TABLE 1: Benefits and side effects of corticosteroid therapy in critically ill patients with pneumonia

The use of corticosteroids in the treatment of pneumonia is largely determined by the severity of respiratory illness. While excessive inflammation can be a major contributor to the overall severity of the illness, many other factors contribute to it as well. For example, in morbidly obese patients, lying in a recumbent position will markedly worsen the degree of hypoxemic respiratory failure. However, these patients may not necessarily have a high inflammatory response and may even be immunosuppressed. Similarly, the patient with pneumonia and a hyperinflammatory phenotype may have only a mild degree of hypoxemia, at least in the early stage of the illness. Unfortunately, some patients are unnecessarily exposed to adverse effects of steroids while, in others, a delay in a steroid administration can lead to a worsening of the disease.

Individualized, biomarker-guided corticosteroid treatment

In the current clinical practice, corticosteroids are used in a disorganized way, with arbitrary dosing regimens irrespective of the degree of inflammation. There are no clear indications regarding the start of corticosteroid treatment, an increase or a decrease in the dosing, nor regarding the discontinuation of corticosteroid treatment. This variability in the use of corticosteroids, however, presents an opportunity to examine how steroid treatment can be optimized and tailored to those patients who may benefit the most. A proposed algorithm is shown in Figure 1.

FIGURE 1: Adjunct corticosteroid treatment in patients with pneumonia: a proposed precision medicine approach.

Recent research studies used biomarker panels consisting of multiple inflammatory markers to identify distinct hyperinflammatory endophenotypes [42]. Although accurate and validated, the availability and slow turnaround time make multiple biomarker panels impractical for the current clinical use. CRP concentration values are easily obtainable in the current clinical practice compared to other biomarkers whose values are more difficult to obtain outside of basic research setting. CRP is an acute phase reactant and a commonly used marker of increased inflammation in patients with lower respiratory tract infections [43]. High CRP values are associated with an increased rate of mortality and pneumonia severity [44].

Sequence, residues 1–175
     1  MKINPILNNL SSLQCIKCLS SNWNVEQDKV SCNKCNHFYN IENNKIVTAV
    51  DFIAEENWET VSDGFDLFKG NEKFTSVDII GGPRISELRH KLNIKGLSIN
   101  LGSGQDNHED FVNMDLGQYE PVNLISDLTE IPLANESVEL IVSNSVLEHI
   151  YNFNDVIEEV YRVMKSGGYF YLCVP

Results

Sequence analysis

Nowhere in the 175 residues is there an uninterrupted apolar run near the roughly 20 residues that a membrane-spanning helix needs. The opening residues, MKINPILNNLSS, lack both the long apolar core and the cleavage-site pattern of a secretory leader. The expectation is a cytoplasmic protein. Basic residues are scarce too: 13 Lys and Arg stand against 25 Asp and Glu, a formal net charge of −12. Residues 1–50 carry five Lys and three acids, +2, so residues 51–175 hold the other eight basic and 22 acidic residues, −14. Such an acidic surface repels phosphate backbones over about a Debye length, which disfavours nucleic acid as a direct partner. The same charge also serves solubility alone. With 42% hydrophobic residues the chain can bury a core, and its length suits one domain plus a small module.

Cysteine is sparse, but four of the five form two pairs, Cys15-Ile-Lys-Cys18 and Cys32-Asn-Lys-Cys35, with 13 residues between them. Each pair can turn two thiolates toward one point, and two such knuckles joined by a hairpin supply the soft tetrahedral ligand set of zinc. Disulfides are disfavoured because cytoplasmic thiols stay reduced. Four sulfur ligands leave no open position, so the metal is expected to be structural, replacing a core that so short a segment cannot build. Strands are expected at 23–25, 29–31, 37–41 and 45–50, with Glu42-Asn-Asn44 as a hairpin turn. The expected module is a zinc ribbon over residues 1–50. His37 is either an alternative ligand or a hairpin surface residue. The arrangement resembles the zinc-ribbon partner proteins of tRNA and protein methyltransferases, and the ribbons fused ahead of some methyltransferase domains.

Recently, studies investigating the treatment of pneumonia have utilized CRP values in order to more accurately define a population that may benefit from corticosteroids [37]. This enrichment strategy suggested that patients with a high inflammatory response (pneumonia with an admitting CRP >150 mg/l) may benefit from a modest dose corticosteroid administration [37]. Expert recommendations also favor the use of glucocorticoids in patients with pneumonia who have evidence of an exaggerated or dysregulated host inflammatory response (sepsis or respiratory failure) with a CRP >150 mg/l [45].

CONCLUSION

In this review article, we propose a biomarker-guided, precision-medicine approach to corticosteroid treatment in order to prescribe these medicines in a timely and appropriate dosing to patients with an exaggerated inflammation. Further research is needed to define optimal timing, dose, and duration of adjunct corticosteroid treatment and to evaluate the effect of an individualized, biomarker-guided approach on patient-important outcomes.

DECLARATION OF INTERESTS

The authors declare no conflict of interests.